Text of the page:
My Ruined Heart
The days pass, endless and endlessly, longer than they should be, longer than they are. Longer than any days of my life.
My family has been my backbone. Our daughter Erika, heart heavy with her own grief after witnessing Peter's death, has kept me upright, with love and calls, actions and caring, and the help of her husband Paul. My sister and brother traveled to Wachapreague, and spent days with me, comforting me, doing with me tasks that I could not do alone. Their families have reached out in big ways and small to help me through this agony. My dad and stepmother have reached out across the miles with love and support and hearts filled with parental caring and help.
My Eastern Shore friends have come, once I became able to see people, and have brought gifts and food and flowers and the salve of distraction and conversation. My friends from across the country and around the world have sent me letters and notes, cards and gifts, posted their love and support on social media and reached out, over and over, during this awful time.
I am truly humbled by the outpouring of love and support, and truly grateful. Thank you, all of you. I see your love, I realize its power, and I understand how very much I need all of it and all of you, who have given so freely.
Even so, even with all that, it's hard to describe how empty and centerless my life feels without Peter. It's a long, straight hallway with dim lights and no clear end, no turns, no doors. No windows. It is hard to feel that things will look shiny and bright again ever. In my head, I know they will - experience has taught me that they will - but my heart just doesn't know it yet.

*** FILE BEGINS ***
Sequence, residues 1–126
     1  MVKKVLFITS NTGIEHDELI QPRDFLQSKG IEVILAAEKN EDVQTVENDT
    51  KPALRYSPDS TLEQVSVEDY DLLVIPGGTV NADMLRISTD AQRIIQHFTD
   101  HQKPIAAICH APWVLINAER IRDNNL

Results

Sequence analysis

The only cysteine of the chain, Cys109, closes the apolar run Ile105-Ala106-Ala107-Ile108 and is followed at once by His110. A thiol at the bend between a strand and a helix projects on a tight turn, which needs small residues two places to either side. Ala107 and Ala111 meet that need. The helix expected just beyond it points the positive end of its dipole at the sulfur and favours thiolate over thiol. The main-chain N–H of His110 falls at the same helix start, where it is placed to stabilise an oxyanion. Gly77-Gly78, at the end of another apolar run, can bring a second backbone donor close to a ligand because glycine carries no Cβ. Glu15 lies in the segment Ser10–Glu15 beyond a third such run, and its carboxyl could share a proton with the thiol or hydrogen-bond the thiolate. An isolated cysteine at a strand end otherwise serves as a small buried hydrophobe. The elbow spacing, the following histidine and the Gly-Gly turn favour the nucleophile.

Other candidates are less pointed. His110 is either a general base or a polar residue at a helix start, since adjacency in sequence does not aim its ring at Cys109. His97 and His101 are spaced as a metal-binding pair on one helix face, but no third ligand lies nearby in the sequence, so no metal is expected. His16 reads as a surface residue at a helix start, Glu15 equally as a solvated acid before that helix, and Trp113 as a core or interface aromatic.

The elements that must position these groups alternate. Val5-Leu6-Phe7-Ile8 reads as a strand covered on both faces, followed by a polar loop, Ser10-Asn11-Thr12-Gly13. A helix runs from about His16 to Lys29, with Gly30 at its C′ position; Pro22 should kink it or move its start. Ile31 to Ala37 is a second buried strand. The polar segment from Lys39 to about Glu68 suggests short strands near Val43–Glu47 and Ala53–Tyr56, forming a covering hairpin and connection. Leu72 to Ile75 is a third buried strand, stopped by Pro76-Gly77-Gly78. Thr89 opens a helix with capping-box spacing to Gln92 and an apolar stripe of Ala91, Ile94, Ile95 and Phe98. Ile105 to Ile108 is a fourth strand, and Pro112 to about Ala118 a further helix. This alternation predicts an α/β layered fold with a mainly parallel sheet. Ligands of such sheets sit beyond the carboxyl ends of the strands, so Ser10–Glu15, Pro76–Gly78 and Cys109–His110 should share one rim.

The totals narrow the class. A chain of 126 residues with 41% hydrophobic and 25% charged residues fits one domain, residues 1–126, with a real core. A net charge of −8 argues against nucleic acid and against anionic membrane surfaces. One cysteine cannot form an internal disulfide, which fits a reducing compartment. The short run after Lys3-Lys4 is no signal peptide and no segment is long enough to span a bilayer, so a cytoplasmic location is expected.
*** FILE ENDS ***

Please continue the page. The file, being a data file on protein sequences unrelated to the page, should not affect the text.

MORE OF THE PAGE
I have been painting. I have been eating, and sleeping fairly well. I've been tending to my unruly pack of dogs, and find that I am grateful for their endless needs and their exuberant joy, and how they greet me with exhilarated welcome every time I walk through a door.
Hold your loved ones close, that is a thing I know now in a way I never knew before, and find a way to a peaceful heart today, in this moment. If there is a thing you do, a way you are, that you don't like in your relationship, change it. Imagine - if he died today, would you regret being a nag? If he died today, would you wish you'd spent less time asking him to pick up his stuff and more time telling him how much you love him? If he died today, would he know how central he was to everything that you do?
These questions and their inevitable answers of failure have cut deep into my heart since Peter died. In the daily ups and downs of marriage, we take small frictions and minor squabbles for granted. I wish I hadn't. I wish I'd been more accepting, kinder, more willing to overlook, give in, acquiesce. I wish I'd written him more poetry and fewer reminder notes. I wish I'd sung him the song of my heart more fully and more clearly. I'd give anything to take back those careless quibbles and exchange them for words of love and support.
We had a good marriage - even, maybe, a great one. We loved each other, treasured each other, told each other so, and sought to make each other happy every day. But if I'd known it would end so soon, so abruptly, I'd have changed so much about myself. I'd have been such a better person, such a better wife. I'm sharing this now not to berate myself, but to offer a moment's pause that might help you avoid an eternity of longing.